It was 47 years ago today....well, not literally "today," but as this is now the first day of school in Texas, and I can't remember when school started 47 years ago (after Labor Day, I'm pretty sure, but anyway), it was 47 years ago I entered Robert E. Lee High School in Tyler, Texas. The campus was 12 years old at the time, built, as many schools I attended in Tyler were, during what I can only call the "greenhouse" craze. One wall of every classroom was plate glass. The elementary school I attended had plate glass on two sides of the room. We practiced "duck 'n' cover" under our desks in those classrooms, oblivious to the fact that a nuclear blast or a tornado (the latter much more likely) would turn all that glass into flying shrapnel that our little desks and our little hands on the nape of our necks, would not protect us from.
All we knew was, they weren't air-conditioned. Air conditioning for schools wasn't imagined in 1958 (when Lee was built), and frankly, I don't think it would have worked in those greenhouse structures (which were only saved from being true greenhouses by overhanging roofs).
I mention this because things are stirring again around my high school alma mater, when I think the real problem with the school is that it still stands. Even my elementary school was finally replaced by a more reasonable (and tornado safe) building a few years ago. Lee's sprawling modern-in-1958 campus still stands, housing far more students than it did in my day.
And it's still named for the Confederate General who lost the Civil War.
It was a bit worse 47 years ago. The football team (the only athletes who really mattered; this is Texas) were the "Rebels." A huge Confederate battle flag (the one you think is the "Confederate flag") was unfurled on the football field during games by a group of boys who existed only for that task. There was a working cannon, fired for touchdowns (there weren't many, frankly, when I was there) painted Confederate grey, and attended by students in Confederate uniforms.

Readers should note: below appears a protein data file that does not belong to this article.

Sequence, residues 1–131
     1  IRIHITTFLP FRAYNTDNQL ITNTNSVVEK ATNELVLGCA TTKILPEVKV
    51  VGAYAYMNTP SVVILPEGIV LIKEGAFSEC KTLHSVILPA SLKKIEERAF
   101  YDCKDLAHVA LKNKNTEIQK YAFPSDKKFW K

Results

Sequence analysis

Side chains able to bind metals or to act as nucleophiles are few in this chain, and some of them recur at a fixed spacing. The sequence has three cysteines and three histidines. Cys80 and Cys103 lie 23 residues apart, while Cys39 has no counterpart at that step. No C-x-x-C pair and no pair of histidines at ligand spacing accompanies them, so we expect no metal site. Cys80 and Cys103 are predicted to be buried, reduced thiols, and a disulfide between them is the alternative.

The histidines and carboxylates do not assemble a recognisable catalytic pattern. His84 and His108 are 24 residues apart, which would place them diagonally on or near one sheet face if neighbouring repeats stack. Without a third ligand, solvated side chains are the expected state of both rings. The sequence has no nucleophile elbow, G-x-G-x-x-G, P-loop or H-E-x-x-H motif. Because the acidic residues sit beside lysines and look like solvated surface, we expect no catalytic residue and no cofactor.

And in 1970, a federal judge's order shut down the "black" school in town, and forced the integration of Lee and the other high school in town (there are still only two). It went better at the other school than it did at Lee, partly because the black students didn't want to lose their school and its traditions (who can blame them?), and partly because "Lee rebels" wasn't just the school mascot. It meant a lot to a lot of people I learned that year to call "rednecks." Yeah, like the Randy Newman song; he nailed it pretty well, IMHO.
There was a "riot" in 1972 over those symbols. White people (a few) treated them as inviolable traditions; blacks treated them as insulting and offensive. Same as it ever was. The event wasn't really as violent as a riot, and there really wasn't even a fight, as it turned out. I don't recall anyone who was actually hurt, but the incident occupied half the campus around lunch time (there were four half-hour lunch periods, IIRC). The campus sprawled so much half the campus didn't know what was going on, while the other half thought the school was burning down and anarchy had come to Tyler. I was on that half of the campus. There was a fire: of a huge paper banner promoting the football team for a game that weekend. I didn't even see it, just heard about it. There was some chaos on that end of the school, magnified by teenage hormones and adolescents' sense of drama (and the times; you had to be there. The '70's wasn't all about Saturday Night Fever.). After that and much complaining by white students, the Rebels became the Red Raiders, and all symbols of the confederacy, save the name of the school, went away.